It is suspected that the species is undergoing a slow population decline due to habitat loss. A suspected decline, however, precludes a listing as threatened under Criterion C. The species is thought to form several subpopulations, but it is unlikely that the largest subpopulation contains less than 1,000 mature individuals. Therefore, Chestnut-backed Thornbird qualifies for listing as Least Concern under Criterion C.
Criterion D – The population size and range are too large to warrant listing as threatened under Criterion D, and so the species may be considered Least Concern under this criterion.
Criterion E – To the best of our knowledge no quantitative analysis of extinction risk has been conducted for this species. Therefore, it cannot be assessed against this criterion.
Therefore, it is suggested that Chestnut-backed Thornbird (Phacellodomus dorsalis) be listed as Near Threatened, approaching the threshold for listing as treatened under Criterion B1ab(iii). We welcome any comments on the proposed listing.
Please note that this topic is not designed to be a general discussion about the ecology of the species, rather a discussion of its Red List status. Therefore, please make sure your comments are relevant to the discussion outlined in the topic. By submitting a comment, you confirm that you agree to the Comment Policy.
*Bird generation lengths are estimated using the methodology of Bird et al. (2020), as applied to parameter values updated for use in each IUCN Red List for birds reassessment cycle. Values used for the current assessment are available on request. We encourage people to contact us with additional or improved values for the following parameters; adult survival (true survival accounting for dispersal derived from an apparently stable population); mean age at first breeding; and maximum longevity (i.e. the biological maximum, hence values from captive individuals are acceptable).
An information booklet on the Red List Categories and Criteria can be downloaded here and the Red List Criteria Summary Sheet can be downloaded here. Detailed guidance on IUCN Red List terms and definitions and the application of the Red List Categories and Criteria can be downloaded here.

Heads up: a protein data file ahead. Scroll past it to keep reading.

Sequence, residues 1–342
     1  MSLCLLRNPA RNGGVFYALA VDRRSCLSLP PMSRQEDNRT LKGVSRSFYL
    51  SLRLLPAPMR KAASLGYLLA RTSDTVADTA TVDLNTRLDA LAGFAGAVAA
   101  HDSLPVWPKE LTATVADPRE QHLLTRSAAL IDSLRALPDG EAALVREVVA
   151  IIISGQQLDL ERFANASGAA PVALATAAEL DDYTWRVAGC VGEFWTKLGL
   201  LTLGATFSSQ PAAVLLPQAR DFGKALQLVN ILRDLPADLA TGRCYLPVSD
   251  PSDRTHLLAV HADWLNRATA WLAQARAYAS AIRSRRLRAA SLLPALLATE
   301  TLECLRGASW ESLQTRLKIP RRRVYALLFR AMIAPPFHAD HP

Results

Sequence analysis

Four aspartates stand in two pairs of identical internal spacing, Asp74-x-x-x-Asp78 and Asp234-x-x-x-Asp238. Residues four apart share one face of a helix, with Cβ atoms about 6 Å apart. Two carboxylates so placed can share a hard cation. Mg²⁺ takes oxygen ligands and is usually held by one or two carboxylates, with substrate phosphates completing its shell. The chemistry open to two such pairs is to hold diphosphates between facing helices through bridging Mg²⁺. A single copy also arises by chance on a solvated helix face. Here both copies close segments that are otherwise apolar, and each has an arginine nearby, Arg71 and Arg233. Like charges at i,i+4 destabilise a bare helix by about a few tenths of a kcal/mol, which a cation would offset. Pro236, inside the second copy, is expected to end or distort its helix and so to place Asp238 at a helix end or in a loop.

Angulo, F.; Palomino, W.; Arnal, H.; Aucca, C.; Uchofen, O. 2008. Corredor de Conservación de Aves Marañón – Alto Mayo: Análisis de Distribución de Aves de Alta Prioridad de Conservación e Identificación de Propuestas de Áreas para su Conservación. Asociación Ecosistemas Andinos – American Bird Conservancy, Lima, Peru.
Bird, J. P.; Martin, R.; Akçakaya, H. R.; Gilroy, J.; Burfield, I. J.; Garnett, S.; Symes, A.; Taylor, J.; Šekercioğlu, Ç.; Butchart, S. H. M. (2020). Generation lengths of the world’s birds and their implications for extinction risk. Conservation Biology online first view.
BirdLife International. 2020. Species factsheet: Phacellodomus dorsalis. http://www.birdlife.org (Accessed 09 March 2020).
Clements, J.F.; Shany, N. 2001. A Field Guide to the Birds of Peru. Lynx Edicions, Barcelona, Spain.
eBird. 2020. eBird: An online database of bird distribution and abundance [web application]. eBird, Ithaca, New York. http://www.ebird.org (Accessed 09 March 2020).
Fjeldså, J.; Krabbe, N. 1990. Birds of the High Andes. Apollo Books, Copenhagen, Denmark.
Global Forest Watch. 2020. World Resources Institute. http://www.globalforestwatch.org (Accessed 09 March 2020).
IUCN Standards and Petitions Committee. 2019. Guidelines for using the IUCN Red List Categoreis and Criteria. Version 14. http://www.iucnredlist.org/documents/RedListGuidelines.pdf.
Ridgely, R.S. and Tudor, G. 1994. The birds of South America. University of Texas Press, Austin, Texas, USA.